A Women’s Look At The Alberta Oil Sands: It Ain’t Pretty

Photo: Nobel Women’s Initiative
From October 9 – 16, the Nobel Women’s Initiative is visiting Canada’s oil sands to get women’s perspectives on the impacts of this huge oil extraction project to the local communities, women and children. This creative initiative is called Breaking Ground: Women, Oil & Climate Change and you can read more about what northern women are telling them on their blog – here.
While I’m typing this I’m listening to Andrew Nikiforuk, an award-winning Calgary-based journalist being interviewed about his new book, The Energy of Slaves, on CBC Radio’s The Current. I haven’t read this book yet, although I have read his hard-hitting Tar Sands: Dirty Oil And The Future Of A Continent. In the interview (and I’m assuming his new book) Nikiforuk makes a strong case for our addiction to cheap oil being so embedded in the fabric of  industrialized society that we are not even aware of it, like the ancient Romans taking for granted the cheap energy they got from their slaves. While we aren’t personally doing horrible things to other people (although the indigenous people of northern Alberta might disagree), we are doing horrific things to our water, our air, our oceans, and the biodiversity of the planet. Collectively, we are faced with a moral dilemma that we’re not even aware of, like Romans didn’t consider slave-holding a moral dilemma.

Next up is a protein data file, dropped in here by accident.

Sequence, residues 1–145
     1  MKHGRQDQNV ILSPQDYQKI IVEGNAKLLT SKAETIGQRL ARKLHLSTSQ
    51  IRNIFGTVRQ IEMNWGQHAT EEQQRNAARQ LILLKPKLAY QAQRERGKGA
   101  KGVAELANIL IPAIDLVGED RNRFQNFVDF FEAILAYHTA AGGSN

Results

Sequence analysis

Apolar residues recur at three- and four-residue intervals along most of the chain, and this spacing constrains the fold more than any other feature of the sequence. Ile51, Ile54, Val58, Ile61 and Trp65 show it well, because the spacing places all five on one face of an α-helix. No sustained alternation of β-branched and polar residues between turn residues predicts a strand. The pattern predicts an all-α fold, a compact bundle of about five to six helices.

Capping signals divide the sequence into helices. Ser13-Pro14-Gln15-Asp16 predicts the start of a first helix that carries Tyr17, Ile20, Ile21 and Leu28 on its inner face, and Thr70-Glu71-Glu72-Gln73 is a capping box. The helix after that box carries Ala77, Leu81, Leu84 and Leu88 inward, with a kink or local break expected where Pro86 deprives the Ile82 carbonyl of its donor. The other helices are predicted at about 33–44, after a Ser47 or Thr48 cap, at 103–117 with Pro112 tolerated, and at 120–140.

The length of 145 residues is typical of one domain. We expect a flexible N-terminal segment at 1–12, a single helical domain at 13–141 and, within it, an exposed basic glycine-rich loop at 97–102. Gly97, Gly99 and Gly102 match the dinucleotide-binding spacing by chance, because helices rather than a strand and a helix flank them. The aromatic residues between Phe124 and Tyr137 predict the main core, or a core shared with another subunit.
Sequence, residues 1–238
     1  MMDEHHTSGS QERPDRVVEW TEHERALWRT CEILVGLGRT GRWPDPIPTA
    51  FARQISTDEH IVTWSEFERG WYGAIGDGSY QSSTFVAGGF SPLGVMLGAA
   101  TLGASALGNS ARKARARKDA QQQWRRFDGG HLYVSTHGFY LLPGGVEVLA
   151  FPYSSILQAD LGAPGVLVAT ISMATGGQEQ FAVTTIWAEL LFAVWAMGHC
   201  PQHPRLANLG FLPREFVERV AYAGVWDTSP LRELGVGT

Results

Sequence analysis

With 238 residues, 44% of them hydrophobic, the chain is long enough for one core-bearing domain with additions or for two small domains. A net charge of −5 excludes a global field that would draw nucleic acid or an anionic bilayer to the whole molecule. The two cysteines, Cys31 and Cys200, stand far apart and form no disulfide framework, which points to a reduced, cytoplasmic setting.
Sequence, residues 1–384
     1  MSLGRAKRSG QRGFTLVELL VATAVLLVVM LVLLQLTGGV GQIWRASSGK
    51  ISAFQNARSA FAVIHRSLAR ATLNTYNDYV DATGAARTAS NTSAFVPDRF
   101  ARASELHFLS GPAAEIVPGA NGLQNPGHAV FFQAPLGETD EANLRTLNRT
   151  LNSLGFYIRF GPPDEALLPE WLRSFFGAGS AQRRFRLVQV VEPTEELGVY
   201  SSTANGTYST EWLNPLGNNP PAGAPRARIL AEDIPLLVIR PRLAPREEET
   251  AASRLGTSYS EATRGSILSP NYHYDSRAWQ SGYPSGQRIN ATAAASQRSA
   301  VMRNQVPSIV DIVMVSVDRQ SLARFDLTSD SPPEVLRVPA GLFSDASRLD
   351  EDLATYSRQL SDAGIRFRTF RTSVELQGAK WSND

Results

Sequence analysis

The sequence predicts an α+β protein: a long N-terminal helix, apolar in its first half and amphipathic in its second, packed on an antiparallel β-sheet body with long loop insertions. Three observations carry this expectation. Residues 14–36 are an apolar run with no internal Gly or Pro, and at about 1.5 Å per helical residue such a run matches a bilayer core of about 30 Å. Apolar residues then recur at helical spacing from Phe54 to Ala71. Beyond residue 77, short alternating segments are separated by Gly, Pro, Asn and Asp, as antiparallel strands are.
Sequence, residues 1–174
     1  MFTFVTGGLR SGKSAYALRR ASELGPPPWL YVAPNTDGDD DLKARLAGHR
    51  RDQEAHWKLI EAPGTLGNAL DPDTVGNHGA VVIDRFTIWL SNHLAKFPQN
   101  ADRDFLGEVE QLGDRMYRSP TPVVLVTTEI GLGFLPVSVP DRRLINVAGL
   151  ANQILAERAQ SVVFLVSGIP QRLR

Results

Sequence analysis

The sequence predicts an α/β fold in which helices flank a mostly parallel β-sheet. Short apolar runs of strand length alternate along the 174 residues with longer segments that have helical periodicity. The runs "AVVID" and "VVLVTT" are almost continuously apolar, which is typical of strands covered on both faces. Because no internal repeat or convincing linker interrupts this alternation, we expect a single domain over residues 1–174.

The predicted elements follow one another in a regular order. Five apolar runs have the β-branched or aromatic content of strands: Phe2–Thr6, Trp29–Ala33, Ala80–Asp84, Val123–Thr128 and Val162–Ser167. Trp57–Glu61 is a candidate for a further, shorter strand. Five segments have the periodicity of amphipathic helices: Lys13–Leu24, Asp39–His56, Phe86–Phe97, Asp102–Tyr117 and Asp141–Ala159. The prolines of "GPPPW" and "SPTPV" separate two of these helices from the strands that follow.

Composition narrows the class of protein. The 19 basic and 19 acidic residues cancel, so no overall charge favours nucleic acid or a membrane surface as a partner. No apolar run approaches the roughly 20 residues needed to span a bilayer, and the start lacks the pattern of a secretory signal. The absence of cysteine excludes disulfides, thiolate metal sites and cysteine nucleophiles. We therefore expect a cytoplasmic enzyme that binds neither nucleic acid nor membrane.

Biologist, author, and cancer survivor Sandra Steingraber makes a similar case about our oil addiction and the need for a new abolitionist movement. Steingraber focuses her call particularly at parents, saying that it’s time for all parents to become fossil fuel abolitionists, in the same way that abolitionists called for the end to slavery during 19th Century America. Although fossil fuels drive our economy in much the same way that slavery drove the economy at that time, it’s time for parents to actively fight for the greater good of society. Steingraber makes it clear that our children are part of the ecosystem of the planet, and if we continue down the path of fossil fuel addiction, their well-being will be sacrificed on the altar of the economy.  No responsible parent would willingly choose to put the profits of the oil, coal, and gas companies ahead of their children’s future – and yet that is exactly what we collectively are choosing to do right now if we continue with business as usual.

I’ve posted a link to the Nikiforuk interview below. If you prefer video, here are Andrew Nikiforuk and economist Jeff Rubin speaking in 2010 about the oil economy and the future of oil:
More links:

0 thoughts on “A Women’s Look At The Alberta Oil Sands: It Ain’t Pretty”

Leave a Comment